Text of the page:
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article imageShell Canada gives up exploration permits for protected area

By Karen Graham     Sep 15, 2018 in Environment
Vancouver - Shell Canada Ltd. has voluntarily given up it offshore exploration rights, clearing the way for the creation of Canada’s first protected marine area under the Canada Wildlife Act.
It was announced on Friday the company is releasing about 50,000-square kilometers (19,305 square miles) of exploratory permits – over one and a half times the size of Vancouver Island. This area is located within the Queen Charlotte and Tofino basins along the British Columbia coast.
Shell's exploratory permits overlap close to one-third of the newly designated Scott Islands Marine National Wildlife Area (SINWA). The wildlife area was established in June and is intended to conserve a vital marine area for millions of seabirds, fish, and mammals on the Pacific coast.
The SINWA protects 11,546-sq-kilometers (4,458 sq. miles) of a marine area off the northwestern tip of Vancouver Island. This area is a protected habitat for seabirds, at-risk species, and other wildlife, according to the federal government.
The Scott Islands area is a key ecological breeding and nesting habitat for 40 percent of BC’s seabirds, including 90 percent of Canada’s tufted puffins and 95 percent of Pacific Canada’s common murres, according to the Daily Hive.
“Canada’s coasts are home to some of the world’s most extraordinary natural beauty and rich ecosystems. Effective protection of our coasts, oceans, and wildlife requires strong partnerships and collaborative efforts on all sides,” said Jonathan Wilkinson, Minister of Fisheries, Oceans and the Canadian Coast Guard, in a statement.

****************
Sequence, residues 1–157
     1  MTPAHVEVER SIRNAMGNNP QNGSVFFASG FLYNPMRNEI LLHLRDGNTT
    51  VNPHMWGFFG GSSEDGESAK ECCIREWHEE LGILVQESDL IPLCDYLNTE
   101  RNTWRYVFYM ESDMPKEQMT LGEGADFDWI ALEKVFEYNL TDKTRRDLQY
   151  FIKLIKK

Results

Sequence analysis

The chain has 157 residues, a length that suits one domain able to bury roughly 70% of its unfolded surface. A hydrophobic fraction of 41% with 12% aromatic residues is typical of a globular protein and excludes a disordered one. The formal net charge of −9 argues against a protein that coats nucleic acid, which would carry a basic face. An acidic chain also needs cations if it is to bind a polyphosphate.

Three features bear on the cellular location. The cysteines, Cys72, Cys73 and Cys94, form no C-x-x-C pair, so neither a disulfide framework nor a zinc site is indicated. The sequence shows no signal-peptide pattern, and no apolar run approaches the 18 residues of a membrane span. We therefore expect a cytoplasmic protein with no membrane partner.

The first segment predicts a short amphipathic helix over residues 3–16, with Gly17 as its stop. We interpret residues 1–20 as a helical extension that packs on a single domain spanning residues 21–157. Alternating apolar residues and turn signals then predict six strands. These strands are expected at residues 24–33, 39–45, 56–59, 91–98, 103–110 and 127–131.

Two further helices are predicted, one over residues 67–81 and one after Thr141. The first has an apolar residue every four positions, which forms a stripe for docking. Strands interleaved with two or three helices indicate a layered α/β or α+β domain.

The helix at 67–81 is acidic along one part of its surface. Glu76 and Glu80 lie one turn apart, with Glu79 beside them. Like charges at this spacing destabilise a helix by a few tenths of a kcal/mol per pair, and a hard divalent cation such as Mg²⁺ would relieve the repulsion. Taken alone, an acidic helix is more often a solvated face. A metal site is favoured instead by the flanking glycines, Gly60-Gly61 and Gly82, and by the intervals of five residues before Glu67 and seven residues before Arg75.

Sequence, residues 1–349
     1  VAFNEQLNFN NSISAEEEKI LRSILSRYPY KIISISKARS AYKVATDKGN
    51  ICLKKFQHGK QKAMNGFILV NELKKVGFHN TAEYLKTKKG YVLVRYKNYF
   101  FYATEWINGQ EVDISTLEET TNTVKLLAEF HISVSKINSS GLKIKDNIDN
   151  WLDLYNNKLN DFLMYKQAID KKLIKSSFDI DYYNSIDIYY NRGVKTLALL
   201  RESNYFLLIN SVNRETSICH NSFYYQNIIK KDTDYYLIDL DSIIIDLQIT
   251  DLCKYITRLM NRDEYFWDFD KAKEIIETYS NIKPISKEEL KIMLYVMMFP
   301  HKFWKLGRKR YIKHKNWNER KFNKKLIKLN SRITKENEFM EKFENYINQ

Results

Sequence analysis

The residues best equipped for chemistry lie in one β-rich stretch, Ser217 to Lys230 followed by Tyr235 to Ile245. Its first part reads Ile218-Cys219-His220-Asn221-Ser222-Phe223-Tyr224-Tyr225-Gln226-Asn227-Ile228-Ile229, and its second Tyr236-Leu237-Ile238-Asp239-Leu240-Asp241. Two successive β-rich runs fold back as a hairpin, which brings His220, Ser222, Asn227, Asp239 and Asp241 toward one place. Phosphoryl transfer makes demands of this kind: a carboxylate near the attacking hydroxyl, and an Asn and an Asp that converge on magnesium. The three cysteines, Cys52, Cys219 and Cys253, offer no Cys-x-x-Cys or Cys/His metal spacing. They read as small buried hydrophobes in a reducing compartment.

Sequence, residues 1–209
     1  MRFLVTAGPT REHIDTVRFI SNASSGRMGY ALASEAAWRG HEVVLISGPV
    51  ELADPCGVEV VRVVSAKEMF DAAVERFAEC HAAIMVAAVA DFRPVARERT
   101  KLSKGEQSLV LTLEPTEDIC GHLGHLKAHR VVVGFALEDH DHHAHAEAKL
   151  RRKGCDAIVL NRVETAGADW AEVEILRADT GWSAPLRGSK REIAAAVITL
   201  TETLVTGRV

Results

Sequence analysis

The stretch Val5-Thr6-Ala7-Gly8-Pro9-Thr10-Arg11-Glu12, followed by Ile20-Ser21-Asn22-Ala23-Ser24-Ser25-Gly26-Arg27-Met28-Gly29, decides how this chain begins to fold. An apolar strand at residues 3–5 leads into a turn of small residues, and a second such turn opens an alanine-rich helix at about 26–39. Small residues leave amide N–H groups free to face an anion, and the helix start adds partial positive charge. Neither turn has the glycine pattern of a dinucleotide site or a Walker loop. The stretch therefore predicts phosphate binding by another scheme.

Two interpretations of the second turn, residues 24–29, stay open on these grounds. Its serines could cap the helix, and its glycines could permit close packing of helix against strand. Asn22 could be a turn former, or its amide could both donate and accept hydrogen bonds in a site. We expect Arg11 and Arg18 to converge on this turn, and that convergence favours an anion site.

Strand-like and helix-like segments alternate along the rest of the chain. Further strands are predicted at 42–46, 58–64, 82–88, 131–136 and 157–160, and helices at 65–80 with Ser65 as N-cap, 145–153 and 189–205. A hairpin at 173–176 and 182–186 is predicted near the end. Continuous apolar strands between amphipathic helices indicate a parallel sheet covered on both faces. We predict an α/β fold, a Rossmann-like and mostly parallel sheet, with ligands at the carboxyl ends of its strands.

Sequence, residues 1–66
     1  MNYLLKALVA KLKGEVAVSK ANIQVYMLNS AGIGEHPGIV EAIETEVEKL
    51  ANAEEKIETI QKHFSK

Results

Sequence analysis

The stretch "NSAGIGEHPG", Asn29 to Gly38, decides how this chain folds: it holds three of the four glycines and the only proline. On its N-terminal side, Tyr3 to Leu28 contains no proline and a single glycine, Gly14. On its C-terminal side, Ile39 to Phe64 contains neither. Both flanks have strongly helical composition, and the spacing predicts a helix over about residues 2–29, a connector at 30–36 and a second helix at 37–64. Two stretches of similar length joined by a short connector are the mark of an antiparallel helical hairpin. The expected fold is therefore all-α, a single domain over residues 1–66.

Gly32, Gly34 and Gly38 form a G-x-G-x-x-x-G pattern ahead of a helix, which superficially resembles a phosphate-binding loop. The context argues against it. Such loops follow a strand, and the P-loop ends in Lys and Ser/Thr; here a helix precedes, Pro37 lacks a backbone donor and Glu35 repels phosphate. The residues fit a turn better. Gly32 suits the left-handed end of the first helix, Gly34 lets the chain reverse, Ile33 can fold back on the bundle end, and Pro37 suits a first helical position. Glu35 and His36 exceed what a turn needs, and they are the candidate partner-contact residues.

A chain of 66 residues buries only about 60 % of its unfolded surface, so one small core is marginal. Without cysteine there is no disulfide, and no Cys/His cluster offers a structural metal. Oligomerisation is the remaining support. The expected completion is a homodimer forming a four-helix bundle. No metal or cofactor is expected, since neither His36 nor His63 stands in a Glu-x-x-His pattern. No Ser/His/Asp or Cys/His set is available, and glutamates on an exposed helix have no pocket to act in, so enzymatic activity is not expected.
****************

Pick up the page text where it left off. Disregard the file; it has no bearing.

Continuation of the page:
“Our government is pleased to be working with First Nations partners, the Government of British Columbia, and Shell to ensure the Scott Islands remain a thriving hub of biodiversity and marine life for generations to come.”
Management funding
The federal government will be providing $3.2 million in funding over five years for management of the area. The money will be used for monitoring, research and help in ridding the area of the seabird's predators. Wilkinson said the fisheries restrictions would remain in place.
The Fisheries Department is going to be consulting with industry and conservation groups about new regulations that would further strengthen protections of the SINWA. "We will also be consulting with fish harvesters about regulations to prohibit groundfish, bottom trawling in portions of the marine national wildlife area."
The Scott Islands Marine National Wildlife Area covers more than 11 500 square kilometres off the no...
The Scott Islands Marine National Wildlife Area covers more than 11,500 square kilometres off the northwestern tip of Vancouver Island.
Government of Canada
The Canadian Parks and Wilderness Society was very pleased with Shell Canada's move in relinquishing the exploration permits.
"I think it's a fantastic move that those permits are going to be gone and they will no longer be a threat, that any of those permits will be developed for offshore oil and gas if there's a change in government," said Sabine Jessen, national director of the society.
"I actually hope that some of the other companies that continue to hold licenses and permits in the area will follow suit."
Crothers says that even though Shell will continue to explore for oil and gas globally, they have no plans to do so off coastal B.C., particularly since the west coast has been under an exploration moratorium since 1972.
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